Burrowing owls flourished here as a happy accident of industrial agriculture, when they were mostly left to their own devices. But that began to change when the Imperial Irrigation District was forced to find ways to conserve water in a farm-to-city transfer agreement negotiated in 2003. Now, after years of water-tightening measures — and increasing loss of farmland to renewable energy production — biologists worry that owls may not be able to adapt to this rapidly changing landscape.

“Numerous efforts to conserve water, which is a good thing, have taken a toll on the burrowing owls,” says Courtney Conway, director of the U.S. Geological Survey’s Idaho Cooperative Fish and Wildlife Research Unit and professor at the University of Idaho.

“It’s a conundrum,” says Conway, a leading authority on burrowing owls. The population grew as owls took advantage of an artificial system and a laissez-faire approach to water delivery, he says. “Now they’re declining in the Imperial Valley because we as a society are trying to get better at water conservation there.”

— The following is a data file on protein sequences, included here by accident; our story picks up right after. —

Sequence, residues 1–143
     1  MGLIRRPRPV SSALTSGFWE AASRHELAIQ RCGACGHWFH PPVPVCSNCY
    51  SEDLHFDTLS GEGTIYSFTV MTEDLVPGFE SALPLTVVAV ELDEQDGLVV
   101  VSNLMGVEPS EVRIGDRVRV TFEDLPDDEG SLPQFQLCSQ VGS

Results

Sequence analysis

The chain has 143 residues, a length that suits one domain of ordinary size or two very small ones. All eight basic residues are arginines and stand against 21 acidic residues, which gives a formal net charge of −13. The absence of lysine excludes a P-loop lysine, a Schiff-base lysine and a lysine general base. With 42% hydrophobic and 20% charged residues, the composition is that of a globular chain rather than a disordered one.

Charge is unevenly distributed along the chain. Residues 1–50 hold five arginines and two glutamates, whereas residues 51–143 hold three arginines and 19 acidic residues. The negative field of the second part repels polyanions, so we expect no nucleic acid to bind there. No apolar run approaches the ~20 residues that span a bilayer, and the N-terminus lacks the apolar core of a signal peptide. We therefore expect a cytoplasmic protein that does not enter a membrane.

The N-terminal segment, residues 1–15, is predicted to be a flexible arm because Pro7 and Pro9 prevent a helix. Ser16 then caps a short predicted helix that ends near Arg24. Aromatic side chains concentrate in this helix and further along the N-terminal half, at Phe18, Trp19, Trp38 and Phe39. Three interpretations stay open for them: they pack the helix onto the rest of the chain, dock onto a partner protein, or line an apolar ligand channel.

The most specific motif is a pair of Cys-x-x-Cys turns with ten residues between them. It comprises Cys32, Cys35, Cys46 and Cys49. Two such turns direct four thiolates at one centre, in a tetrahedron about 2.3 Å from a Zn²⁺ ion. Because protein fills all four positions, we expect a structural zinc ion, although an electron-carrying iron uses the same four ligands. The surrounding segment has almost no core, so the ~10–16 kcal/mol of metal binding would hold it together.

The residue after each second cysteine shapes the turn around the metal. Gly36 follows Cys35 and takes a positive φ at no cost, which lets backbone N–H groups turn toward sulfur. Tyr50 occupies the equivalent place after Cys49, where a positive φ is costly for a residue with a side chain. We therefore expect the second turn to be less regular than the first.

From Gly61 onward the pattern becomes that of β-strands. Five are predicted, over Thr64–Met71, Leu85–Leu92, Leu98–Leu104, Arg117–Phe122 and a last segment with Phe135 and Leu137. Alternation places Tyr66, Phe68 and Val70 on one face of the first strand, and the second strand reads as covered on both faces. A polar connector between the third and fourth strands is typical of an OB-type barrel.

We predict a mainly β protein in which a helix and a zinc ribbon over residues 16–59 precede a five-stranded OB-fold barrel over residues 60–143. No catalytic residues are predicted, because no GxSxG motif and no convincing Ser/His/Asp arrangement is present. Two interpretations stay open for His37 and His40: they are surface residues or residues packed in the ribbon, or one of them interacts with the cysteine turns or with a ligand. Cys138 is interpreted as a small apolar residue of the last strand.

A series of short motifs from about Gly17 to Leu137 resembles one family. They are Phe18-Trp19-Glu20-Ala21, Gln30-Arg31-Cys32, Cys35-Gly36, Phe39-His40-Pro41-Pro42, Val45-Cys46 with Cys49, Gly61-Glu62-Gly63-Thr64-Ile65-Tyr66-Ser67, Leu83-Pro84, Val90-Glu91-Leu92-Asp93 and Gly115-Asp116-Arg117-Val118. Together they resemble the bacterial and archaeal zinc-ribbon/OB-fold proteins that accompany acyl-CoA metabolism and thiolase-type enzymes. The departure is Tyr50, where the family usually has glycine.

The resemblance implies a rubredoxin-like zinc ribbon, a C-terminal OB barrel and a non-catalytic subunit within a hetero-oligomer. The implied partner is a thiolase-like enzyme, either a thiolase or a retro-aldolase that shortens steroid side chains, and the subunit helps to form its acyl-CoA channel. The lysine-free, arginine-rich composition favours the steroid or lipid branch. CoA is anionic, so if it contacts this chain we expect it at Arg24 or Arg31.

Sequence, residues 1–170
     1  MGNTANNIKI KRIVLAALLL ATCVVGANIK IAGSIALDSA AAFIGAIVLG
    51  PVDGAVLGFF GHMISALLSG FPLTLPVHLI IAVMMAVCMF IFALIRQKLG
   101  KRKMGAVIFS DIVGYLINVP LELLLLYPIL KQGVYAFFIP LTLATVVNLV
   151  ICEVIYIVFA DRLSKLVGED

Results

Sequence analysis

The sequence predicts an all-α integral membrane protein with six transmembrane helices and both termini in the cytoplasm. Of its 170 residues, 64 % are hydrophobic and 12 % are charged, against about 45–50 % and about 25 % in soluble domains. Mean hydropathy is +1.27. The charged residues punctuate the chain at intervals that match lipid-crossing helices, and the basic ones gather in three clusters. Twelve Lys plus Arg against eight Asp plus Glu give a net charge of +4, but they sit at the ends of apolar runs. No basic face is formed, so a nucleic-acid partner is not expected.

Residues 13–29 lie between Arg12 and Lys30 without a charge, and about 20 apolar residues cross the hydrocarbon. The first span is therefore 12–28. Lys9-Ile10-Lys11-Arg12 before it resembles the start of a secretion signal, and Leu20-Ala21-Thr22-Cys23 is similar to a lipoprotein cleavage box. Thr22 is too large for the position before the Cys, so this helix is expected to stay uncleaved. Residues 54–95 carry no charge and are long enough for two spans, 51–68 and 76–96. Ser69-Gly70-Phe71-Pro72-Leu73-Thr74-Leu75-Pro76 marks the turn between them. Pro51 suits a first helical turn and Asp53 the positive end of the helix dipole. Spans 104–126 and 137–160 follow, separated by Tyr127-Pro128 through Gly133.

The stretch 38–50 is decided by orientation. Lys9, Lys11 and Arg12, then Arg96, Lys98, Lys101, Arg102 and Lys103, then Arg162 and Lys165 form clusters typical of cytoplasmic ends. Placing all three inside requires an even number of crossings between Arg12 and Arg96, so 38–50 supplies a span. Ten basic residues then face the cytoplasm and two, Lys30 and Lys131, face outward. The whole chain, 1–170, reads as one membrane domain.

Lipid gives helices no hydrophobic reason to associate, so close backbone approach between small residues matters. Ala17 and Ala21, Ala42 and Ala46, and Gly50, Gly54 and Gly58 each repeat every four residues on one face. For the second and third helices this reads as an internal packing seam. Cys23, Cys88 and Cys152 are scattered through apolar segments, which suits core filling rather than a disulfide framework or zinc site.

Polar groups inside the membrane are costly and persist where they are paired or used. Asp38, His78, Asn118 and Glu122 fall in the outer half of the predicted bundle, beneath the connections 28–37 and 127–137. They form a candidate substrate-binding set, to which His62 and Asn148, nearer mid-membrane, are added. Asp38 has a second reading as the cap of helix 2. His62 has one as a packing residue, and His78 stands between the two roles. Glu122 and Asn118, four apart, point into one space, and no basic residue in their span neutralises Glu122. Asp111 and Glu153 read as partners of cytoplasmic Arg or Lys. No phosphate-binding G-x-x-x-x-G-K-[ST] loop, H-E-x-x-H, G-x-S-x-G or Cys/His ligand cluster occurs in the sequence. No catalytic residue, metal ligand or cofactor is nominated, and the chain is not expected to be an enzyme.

A burrowing owl perches on a stake marking its burrow near a dirt road.
Liza Gross for High Country News

Imperial Valley agriculture has depended on imported water since entrepreneurs dug the first canal to divert water from the Colorado in 1900. The All-American Canal now provides that lifeline, turning a region with about 3 inches of rain a year into one of the nation’s most productive farming areas. The Imperial Valley, aided by year-round irrigation, produces 100 different crops, from alfalfa hay to wheat, and supplies about two-thirds of the nation’s winter vegetables.

Western burrowing owls love to congregate along the lateral canals fed by one of the three main arteries that carry Colorado water to the irrigation district. They mostly tolerate the low roar of hay balers and passing trucks but invariably scatter as I approach, diving through the air like dolphins before alighting about 40 feet away. From a safe distance, they start hissing and bobbing, hoping I’ll go away. Nesting season has ended, but remnants of scat, clothing and other scavenged tidbits still adorn their burrow entrances, likely signaling other owls to find another nest.